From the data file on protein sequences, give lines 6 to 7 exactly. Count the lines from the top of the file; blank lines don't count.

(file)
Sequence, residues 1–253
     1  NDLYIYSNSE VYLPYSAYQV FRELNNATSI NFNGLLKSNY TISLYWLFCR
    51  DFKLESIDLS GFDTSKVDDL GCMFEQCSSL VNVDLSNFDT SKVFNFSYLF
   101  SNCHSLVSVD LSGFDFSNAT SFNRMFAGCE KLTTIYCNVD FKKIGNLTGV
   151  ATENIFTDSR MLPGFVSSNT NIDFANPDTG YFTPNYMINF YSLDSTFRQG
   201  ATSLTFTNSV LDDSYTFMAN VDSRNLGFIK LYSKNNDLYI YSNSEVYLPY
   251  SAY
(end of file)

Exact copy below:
   201  ATSLTFTNSV LDDSYTFMAN VDSRNLGFIK LYSKNNDLYI YSNSEVYLPY
   251  SAY